Indianapolis just opened a new protected bike lane along Pennsylvania Street from St. Clair to Washington Street. It’s approximately eight blocks long and uses parking to protect cyclists from traffic. This is a pretty standard configuration around the world now, and it has proven effective other places. I have no doubt it will do so here as well.
That said, I’m not a big fan of this bike lane. That’s mostly because I don’t know who it is supposed to serve. I suspect that it was built for people who are already cycling to work, but most of them can be found on nearby Alabama Street, which is a low traffic, low speed street that is perfect for cycling. I doubt they’re going to abandon that route for eight short protected blocks on Pennsylvania.
Nor do I think that this slice of infrastructure is right for the casual cyclist who feels more at home on the city’s Cultural Trail. Automobile speeds are too high on Pennsylvania. There’s too much traffic. There are already bike lanes on similar high speed streets like Illinois and Capitol, and I routinely see cyclists riding on the sidewalks there. Why city officials here insist on putting bicycle lanes on high speed thoroughfares is beyond me.
I also think the lane is too narrow. It’s clearly narrower than the parking lane and that’s a problem because it’s right against the curb and it fills with water and debris. Motorists have to walk across the bike lane to feed the parking meters. That’s also problematic, as is the fact that there is no protected bike lane heading north. This is strictly a southbound deal.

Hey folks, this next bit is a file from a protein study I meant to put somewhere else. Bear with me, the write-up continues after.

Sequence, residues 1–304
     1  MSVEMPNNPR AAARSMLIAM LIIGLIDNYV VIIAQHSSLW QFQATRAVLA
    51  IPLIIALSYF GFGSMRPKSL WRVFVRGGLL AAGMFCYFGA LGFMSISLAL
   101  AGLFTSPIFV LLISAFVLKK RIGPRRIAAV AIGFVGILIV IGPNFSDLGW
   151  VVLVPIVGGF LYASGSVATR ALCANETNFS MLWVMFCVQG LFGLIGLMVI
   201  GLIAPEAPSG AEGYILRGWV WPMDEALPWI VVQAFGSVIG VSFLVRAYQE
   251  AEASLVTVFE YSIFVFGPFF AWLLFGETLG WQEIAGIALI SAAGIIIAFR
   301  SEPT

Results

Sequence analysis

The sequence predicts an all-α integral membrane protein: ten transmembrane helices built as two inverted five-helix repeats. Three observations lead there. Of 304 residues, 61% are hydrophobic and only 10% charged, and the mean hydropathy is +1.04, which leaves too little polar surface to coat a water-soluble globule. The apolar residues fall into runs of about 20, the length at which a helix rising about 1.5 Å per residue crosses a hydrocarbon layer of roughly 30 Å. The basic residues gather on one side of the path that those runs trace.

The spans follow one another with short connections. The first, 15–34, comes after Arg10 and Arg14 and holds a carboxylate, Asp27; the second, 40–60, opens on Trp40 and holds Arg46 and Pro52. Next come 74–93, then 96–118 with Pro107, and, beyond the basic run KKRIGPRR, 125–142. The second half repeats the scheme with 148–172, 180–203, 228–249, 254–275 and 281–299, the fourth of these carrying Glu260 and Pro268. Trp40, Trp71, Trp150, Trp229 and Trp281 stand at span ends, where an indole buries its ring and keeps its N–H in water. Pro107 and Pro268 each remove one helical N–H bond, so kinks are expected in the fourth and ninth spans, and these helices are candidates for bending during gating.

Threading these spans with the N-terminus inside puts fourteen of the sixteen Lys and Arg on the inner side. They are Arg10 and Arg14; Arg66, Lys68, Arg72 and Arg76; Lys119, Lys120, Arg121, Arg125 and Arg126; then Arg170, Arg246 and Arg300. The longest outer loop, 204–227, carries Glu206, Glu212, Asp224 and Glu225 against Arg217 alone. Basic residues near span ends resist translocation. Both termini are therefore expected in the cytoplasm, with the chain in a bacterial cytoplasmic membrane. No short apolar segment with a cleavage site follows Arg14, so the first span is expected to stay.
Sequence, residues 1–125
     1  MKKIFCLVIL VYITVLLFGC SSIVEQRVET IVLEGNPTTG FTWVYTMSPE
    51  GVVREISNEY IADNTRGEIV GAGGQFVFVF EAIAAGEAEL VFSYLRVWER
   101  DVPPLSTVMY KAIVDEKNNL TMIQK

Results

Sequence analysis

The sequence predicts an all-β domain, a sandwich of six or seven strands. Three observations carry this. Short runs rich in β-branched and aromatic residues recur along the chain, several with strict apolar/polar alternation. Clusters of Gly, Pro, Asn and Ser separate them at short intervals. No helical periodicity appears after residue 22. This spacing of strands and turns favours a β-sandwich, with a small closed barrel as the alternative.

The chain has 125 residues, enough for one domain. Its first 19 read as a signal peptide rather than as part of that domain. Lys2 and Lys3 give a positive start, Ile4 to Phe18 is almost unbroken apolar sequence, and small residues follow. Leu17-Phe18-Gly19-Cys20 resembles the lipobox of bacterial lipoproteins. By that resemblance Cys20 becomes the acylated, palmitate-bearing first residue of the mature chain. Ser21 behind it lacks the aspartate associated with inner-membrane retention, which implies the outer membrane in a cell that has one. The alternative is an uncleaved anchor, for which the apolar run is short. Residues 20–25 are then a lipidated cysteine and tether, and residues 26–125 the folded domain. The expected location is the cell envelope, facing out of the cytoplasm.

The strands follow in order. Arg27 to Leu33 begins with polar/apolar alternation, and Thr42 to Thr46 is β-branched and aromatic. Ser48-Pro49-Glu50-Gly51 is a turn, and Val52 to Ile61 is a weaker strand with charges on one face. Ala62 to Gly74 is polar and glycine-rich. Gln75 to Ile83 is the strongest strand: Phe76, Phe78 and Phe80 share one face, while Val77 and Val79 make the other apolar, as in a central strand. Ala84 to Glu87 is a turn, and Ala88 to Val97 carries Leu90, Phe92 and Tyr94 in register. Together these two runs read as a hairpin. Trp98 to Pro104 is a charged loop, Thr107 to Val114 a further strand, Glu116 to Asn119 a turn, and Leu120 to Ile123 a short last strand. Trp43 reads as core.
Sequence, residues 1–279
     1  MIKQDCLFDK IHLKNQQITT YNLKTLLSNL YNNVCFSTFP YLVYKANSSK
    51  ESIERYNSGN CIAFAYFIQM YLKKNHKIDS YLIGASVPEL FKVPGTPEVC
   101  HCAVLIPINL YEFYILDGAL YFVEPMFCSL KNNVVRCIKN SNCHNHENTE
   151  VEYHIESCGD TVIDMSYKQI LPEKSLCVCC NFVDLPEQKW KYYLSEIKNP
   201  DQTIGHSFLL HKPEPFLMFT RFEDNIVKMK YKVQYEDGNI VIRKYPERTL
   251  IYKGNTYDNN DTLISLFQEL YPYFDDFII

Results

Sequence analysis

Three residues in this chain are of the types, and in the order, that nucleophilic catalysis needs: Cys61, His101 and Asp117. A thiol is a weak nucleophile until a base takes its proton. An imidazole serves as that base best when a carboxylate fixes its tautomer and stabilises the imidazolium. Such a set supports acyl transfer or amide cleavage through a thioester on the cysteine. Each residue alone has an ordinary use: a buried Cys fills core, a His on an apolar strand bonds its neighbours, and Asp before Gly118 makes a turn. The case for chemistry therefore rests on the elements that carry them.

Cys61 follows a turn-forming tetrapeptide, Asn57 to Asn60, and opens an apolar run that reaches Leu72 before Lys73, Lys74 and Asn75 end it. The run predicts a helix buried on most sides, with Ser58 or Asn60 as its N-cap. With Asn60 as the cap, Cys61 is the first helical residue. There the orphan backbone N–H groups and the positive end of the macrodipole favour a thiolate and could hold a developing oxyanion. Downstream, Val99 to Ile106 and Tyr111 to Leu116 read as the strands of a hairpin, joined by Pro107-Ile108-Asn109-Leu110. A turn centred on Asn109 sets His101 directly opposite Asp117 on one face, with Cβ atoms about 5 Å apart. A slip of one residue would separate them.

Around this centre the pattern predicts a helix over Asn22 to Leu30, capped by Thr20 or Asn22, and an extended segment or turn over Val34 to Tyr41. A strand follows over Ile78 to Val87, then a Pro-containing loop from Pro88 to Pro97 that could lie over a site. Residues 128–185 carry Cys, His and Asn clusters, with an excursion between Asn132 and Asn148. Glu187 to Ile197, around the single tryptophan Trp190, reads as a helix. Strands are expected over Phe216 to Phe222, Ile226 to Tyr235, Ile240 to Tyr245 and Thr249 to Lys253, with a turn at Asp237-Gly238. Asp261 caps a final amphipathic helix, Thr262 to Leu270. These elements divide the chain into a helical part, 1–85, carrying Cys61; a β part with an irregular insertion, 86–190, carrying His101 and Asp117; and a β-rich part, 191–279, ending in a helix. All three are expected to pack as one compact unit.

It’s not continuous, either. Just to the north there’s no bicycle accommodation at all. In fact, Pennsylvania north of St. Clair is considered “least bikeable” on IndyCog’s “official” Indy Ride Guide map of bicycle routes. In effect, you have to traverse a dangerous section of road simply to access the new protected bike lane. This makes no sense to me at all.
So what would I do? For starters, I’d stop building bike lanes, protected or otherwise, on high speed arterials. There are plenty of other roads into downtown that would better serve cyclists and motorists. I once thought Meridian Street would be perfect, but have since come to realize that’s a form of blasphemy in a city best known for fast driving.
My preference would be for an east-west cycletrack on Vermont Street and a north-south cycletrack on either Senate, Alabama or both. Make it look like the existing cycletracks on Shelby Street and 30th Street. If money is an obstacle, skip the cycletrack. Instead, drop the speed limit on these streets to 20 mph and convert them to shared streets. Motorists who don’t need to use them will find other routes. Cyclists and pedestrians would have priority just like on the Cultural Trail. It could be done. There’s plenty of underutilized road capacity into downtown.
No bicycle infrastructure at all is better than bad bicycle infrastructure. By bad, I mean infrastructure that doesn’t get used and sends the message to motorists that their tax dollars are being squandered. I fear that’s what Pennsylvania Street does. It’s the right design, but it was put in the wrong place.
Indianapolis has already shown that it can build world class trails and cycletracks. It’s unfortunate that the city and those advising it stubbornly cling to a model that builds designer bike lanes along high speed corridors where those who wish to become vehicular cyclists simply do not feel safe enough to do so.